Have you heard of the great Forest of Burzee? Nurse used to sing of it when _as a child. She sang of the big tree-trunks, standing close together, wit_heir roots intertwining below the earth and their branches intertwining abov_t; of their rough coating of bark and queer, gnarled limbs; of the bush_oliage that roofed the entire forest, save where the sunbeams found a pat_hrough which to touch the ground in little spots and to cast weird an_urious shadows over the mosses, the lichens and the drifts of dried leaves.
The Forest of Burzee is mighty and grand and awesome to those who stea_eneath its shade. Coming from the sunlit meadows into its mazes it seems a_irst gloomy, then pleasant, and afterward filled with never-ending delights.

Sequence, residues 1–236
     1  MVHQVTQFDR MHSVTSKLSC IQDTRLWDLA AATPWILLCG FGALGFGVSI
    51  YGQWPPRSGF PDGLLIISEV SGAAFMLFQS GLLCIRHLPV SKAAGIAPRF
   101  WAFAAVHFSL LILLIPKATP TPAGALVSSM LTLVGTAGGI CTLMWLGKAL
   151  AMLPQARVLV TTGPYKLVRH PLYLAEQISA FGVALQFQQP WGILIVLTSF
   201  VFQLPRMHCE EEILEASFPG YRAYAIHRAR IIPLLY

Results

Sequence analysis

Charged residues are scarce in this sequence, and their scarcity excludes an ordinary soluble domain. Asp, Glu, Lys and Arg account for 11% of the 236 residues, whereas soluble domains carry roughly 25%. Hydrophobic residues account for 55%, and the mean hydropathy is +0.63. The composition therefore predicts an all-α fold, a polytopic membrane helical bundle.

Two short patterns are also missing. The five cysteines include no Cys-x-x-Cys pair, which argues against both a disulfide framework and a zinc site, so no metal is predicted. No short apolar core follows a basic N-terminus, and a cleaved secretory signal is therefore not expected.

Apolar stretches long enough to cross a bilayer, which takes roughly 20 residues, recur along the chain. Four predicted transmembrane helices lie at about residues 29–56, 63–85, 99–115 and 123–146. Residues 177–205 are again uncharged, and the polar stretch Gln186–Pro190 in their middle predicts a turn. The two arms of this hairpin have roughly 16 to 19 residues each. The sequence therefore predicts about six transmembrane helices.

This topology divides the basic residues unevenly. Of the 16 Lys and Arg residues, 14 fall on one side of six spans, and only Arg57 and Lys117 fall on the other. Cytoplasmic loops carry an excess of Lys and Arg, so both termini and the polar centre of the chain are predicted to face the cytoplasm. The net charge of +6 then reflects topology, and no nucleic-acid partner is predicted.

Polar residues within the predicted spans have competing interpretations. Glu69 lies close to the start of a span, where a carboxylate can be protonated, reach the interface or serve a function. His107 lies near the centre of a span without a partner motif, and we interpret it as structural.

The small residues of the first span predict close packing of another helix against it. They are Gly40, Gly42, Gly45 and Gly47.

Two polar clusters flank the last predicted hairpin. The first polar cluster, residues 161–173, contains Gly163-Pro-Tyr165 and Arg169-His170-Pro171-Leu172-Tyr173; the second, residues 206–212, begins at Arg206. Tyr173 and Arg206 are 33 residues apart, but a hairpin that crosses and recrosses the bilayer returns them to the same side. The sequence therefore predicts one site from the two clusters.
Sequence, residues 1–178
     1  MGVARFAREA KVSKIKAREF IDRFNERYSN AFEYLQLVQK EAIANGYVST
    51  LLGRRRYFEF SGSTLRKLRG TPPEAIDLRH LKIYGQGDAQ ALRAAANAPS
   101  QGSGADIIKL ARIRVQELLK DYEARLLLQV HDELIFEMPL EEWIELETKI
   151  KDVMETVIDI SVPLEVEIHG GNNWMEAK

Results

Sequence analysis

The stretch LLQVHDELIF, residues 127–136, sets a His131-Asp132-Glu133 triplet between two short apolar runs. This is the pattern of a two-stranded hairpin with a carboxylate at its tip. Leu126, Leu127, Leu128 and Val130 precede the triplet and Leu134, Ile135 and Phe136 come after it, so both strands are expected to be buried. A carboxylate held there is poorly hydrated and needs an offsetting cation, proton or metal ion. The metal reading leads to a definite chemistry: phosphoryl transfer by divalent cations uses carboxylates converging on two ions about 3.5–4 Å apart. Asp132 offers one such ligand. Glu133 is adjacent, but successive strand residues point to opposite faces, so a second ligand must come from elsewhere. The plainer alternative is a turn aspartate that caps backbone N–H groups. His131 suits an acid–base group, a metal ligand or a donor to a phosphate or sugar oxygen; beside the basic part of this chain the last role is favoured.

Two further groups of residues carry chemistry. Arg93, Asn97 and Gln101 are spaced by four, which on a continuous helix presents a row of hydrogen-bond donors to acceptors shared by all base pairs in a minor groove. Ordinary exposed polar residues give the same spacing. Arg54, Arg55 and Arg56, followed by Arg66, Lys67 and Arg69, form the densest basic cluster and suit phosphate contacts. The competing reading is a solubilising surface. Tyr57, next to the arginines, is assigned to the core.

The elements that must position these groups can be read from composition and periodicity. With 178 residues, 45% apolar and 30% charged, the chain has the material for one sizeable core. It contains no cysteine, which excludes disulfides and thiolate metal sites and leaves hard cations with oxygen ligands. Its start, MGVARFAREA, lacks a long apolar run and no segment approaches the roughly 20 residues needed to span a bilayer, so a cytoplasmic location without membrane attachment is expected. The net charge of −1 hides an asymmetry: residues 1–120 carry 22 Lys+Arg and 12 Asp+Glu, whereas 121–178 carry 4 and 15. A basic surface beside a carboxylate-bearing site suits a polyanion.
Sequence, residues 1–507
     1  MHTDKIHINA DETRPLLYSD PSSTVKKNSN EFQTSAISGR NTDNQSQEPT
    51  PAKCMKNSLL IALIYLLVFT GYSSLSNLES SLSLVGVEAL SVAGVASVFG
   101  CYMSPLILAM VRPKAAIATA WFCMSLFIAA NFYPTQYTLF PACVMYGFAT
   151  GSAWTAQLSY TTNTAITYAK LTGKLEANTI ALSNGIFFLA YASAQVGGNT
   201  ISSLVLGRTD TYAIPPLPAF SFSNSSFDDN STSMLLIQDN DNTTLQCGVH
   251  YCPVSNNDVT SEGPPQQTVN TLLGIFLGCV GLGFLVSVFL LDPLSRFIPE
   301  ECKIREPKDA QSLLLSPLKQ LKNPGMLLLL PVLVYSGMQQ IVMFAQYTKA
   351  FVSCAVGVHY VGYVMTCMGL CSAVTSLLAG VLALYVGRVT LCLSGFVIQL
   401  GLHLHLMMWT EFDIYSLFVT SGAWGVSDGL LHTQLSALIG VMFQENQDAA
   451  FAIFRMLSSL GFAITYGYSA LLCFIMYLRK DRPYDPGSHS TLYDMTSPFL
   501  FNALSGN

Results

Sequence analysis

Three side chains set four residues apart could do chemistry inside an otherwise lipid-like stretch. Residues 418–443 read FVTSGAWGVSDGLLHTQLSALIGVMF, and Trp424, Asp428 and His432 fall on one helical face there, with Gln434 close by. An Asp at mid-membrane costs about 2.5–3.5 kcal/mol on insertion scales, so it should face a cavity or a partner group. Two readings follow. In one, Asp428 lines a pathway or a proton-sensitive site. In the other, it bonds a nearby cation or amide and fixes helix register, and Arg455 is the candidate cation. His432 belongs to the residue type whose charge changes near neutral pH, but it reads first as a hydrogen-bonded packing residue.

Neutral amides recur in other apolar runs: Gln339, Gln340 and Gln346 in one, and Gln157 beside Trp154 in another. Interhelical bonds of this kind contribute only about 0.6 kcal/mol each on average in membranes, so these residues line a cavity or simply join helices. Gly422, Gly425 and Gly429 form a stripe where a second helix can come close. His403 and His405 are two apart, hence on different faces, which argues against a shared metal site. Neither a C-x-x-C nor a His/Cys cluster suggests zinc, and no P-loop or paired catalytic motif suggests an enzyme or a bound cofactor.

For hundreds of years it has flourished in all its magnificence, the silenc_f its inclosure unbroken save by the chirp of busy chipmunks, the growl o_ild beasts and the songs of birds.
Yet Burzee has its inhabitants—for all this. Nature peopled it in th_eginning with Fairies, Knooks, Ryls and Nymphs. As long as the Forest stand_t will be a home, a refuge and a playground to these sweet immortals, wh_evel undisturbed in its depths.
Civilization has never yet reached Burzee. Will it ever, I wonder?